This is the third post in a series I call “Did it do it“.
In my online class with the PPSOP, and in my “Stretching Your Frame of Mind” workshops I conduct, I talk about my “Did it do it” list for creating good photos with strong compositions. These aren’t rules (followers of my blog know that I don’t like rules), they’re merely guidelines to use when out shooting. If you can remember these guidelines, you have a very good chance in taking your photos what I refer to as “Up a Notch”.
I call this post “did it do what you intended”:
So many of my students will submit a photo and tell me what was in their mind the second before they clicked the shutter, but what they were thinking didn’t transfer to the final composition. The key to remember is that you won’t be around to explain what you were thinking, and what story if any you were trying to get across to the viewer. It has to be a quick read, and unless it’s an abstract intended for the viewer to interpret it the way he or she wants, it has to be able to stand on it’s own…without you there.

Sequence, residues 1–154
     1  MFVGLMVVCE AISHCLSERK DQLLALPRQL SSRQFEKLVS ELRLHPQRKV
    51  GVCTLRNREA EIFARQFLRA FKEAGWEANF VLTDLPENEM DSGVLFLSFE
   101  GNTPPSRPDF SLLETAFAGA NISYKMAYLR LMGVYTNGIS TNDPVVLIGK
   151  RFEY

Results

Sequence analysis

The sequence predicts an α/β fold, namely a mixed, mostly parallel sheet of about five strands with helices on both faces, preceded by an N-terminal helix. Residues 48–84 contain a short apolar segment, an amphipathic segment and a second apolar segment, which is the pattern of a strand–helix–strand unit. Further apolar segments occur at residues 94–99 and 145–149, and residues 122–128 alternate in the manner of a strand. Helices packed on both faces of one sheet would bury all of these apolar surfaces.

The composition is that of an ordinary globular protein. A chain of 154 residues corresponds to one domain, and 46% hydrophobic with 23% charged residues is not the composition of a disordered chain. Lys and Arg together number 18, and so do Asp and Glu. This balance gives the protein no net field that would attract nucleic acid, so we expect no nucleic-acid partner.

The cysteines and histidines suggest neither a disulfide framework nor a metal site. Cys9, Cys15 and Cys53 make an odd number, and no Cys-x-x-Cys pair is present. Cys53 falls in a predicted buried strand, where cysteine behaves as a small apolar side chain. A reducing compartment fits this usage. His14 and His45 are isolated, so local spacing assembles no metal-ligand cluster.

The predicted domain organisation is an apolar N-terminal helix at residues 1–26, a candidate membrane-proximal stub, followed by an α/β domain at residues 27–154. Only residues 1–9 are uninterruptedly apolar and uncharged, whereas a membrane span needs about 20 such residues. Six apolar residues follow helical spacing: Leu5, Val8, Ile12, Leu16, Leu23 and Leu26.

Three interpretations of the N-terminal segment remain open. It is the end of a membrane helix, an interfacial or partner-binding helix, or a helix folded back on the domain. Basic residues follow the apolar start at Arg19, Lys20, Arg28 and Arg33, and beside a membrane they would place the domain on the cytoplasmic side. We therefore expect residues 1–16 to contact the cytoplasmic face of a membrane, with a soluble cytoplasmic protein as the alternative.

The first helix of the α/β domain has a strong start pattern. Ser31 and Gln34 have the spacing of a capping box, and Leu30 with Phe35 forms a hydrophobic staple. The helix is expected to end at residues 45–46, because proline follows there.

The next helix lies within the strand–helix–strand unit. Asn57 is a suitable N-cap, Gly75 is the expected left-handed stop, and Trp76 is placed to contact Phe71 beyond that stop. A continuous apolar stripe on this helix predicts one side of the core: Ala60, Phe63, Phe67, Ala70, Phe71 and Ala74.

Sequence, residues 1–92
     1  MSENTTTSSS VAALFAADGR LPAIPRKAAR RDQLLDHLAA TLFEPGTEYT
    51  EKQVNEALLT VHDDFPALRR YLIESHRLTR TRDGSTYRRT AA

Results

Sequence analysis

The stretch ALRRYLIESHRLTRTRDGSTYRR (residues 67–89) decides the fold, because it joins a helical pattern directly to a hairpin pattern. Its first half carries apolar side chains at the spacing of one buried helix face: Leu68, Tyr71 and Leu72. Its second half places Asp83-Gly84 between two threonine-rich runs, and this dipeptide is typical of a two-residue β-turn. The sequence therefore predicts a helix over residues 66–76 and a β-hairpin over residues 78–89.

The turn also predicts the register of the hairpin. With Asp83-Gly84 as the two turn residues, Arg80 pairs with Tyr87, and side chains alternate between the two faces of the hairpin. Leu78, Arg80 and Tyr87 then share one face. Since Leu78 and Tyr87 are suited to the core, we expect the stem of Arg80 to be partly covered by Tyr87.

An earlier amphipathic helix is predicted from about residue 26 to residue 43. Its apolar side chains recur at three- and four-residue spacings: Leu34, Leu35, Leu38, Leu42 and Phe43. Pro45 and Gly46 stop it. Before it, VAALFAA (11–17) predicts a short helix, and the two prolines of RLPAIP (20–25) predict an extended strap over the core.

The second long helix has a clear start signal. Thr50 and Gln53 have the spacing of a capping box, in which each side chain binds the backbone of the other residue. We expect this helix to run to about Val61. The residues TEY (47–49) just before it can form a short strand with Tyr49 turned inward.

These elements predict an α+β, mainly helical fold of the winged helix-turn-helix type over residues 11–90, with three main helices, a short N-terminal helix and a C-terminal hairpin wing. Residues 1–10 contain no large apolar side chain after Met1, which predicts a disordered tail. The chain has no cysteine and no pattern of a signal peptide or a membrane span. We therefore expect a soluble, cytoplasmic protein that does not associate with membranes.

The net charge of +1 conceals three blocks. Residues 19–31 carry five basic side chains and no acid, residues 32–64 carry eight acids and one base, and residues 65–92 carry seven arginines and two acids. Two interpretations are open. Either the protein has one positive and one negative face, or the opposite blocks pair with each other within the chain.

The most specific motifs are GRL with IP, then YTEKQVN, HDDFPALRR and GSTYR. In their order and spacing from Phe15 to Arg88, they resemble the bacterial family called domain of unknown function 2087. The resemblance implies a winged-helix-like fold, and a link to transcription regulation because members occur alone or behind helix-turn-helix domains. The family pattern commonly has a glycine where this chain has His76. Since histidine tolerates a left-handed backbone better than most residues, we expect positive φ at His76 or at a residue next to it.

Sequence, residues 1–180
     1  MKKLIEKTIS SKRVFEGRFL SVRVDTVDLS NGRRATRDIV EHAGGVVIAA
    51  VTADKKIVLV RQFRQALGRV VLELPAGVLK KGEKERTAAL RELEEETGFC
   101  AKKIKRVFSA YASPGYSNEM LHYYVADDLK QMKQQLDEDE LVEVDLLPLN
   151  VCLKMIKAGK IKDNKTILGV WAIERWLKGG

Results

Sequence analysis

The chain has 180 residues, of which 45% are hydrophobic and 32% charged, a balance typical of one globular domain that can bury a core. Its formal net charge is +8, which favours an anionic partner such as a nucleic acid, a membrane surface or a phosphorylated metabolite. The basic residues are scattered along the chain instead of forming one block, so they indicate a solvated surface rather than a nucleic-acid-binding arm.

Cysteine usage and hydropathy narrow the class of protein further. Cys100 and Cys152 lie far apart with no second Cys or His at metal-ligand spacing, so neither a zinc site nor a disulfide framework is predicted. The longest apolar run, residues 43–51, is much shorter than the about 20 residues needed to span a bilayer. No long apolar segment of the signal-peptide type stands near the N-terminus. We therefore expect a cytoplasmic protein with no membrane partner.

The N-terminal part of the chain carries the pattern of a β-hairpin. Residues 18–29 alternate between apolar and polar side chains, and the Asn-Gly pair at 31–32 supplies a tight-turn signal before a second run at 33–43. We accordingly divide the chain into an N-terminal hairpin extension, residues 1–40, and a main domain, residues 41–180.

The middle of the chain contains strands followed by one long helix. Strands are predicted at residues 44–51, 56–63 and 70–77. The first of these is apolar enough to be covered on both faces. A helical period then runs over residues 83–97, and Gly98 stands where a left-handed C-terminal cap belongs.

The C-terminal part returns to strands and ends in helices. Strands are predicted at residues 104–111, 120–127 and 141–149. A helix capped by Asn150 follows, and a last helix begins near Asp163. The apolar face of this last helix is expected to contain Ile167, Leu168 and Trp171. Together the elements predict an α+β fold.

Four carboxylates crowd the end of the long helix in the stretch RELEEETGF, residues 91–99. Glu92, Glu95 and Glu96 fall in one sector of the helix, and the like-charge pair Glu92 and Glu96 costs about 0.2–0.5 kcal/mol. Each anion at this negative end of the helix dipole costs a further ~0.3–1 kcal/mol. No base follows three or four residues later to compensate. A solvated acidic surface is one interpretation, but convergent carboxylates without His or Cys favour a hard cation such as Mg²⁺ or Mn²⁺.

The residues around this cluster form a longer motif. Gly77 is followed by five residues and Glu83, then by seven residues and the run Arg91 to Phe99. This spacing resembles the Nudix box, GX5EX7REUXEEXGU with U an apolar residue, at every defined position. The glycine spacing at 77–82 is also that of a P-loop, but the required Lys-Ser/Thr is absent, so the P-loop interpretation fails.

“Consider the scene and its outcome” has been a phrase I’ve been telling my students since the eighties when I first started teaching workshops. Make sure your photo passes the too esoteric muster. If you want to convey loneliness, keep what you put in your frame to a minimum…one person, one house, etc; not a crowd somewhere off in the background or an entire neighborhood. If you want to convey mystery and add drama, don’t shoot in the middle of the day. Shoot either early or late when the long shadows and contrast can help out. Above all, always make sure you consider “The Whole Enchilada“.
If you want to show how vast the area in your viewfinder is, or how large a building is, then put something in the frame that will show the scale. Something that the viewer will recognize and know its actual size.
In the above photo, the message Toyota, my client, wanted to get across in this full page ad was their ‘mentoring program’ where several well know athletes would go around to middle and high schools and talk about their occupations, and what it takes to achieve their goals.
Visit my website at: www.joebaraban .com, and check out my 2012 workshop schedule. Come shoot with me sometime.